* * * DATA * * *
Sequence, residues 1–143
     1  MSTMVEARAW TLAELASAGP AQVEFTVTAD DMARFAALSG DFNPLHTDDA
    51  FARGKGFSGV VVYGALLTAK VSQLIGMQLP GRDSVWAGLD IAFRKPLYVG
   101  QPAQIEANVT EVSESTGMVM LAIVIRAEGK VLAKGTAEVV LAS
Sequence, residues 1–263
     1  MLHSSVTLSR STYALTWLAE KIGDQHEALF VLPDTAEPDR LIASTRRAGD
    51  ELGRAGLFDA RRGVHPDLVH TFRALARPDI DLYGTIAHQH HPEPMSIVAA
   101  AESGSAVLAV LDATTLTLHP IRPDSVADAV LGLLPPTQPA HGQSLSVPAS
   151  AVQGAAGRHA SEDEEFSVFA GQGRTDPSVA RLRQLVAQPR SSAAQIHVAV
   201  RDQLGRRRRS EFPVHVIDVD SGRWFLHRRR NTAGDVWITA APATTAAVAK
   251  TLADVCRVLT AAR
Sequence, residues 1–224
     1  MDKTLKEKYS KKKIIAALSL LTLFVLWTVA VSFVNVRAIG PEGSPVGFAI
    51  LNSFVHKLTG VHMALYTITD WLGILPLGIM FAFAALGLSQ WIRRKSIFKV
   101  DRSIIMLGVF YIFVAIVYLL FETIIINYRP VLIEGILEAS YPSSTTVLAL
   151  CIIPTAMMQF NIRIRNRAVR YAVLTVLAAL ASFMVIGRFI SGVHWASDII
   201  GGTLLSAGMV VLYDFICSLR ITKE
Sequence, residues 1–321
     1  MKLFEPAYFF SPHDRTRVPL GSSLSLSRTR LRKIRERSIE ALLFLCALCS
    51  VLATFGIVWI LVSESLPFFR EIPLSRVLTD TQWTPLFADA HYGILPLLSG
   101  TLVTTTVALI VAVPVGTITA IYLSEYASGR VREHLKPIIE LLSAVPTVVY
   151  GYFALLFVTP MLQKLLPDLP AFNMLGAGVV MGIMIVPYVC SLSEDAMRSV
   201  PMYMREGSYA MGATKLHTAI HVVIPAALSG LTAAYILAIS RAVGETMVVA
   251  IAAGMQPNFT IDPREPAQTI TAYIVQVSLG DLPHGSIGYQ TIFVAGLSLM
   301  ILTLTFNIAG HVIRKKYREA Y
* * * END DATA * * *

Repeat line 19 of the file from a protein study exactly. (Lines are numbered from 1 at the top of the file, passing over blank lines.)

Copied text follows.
     1  MKLFEPAYFF SPHDRTRVPL GSSLSLSRTR LRKIRERSIE ALLFLCALCS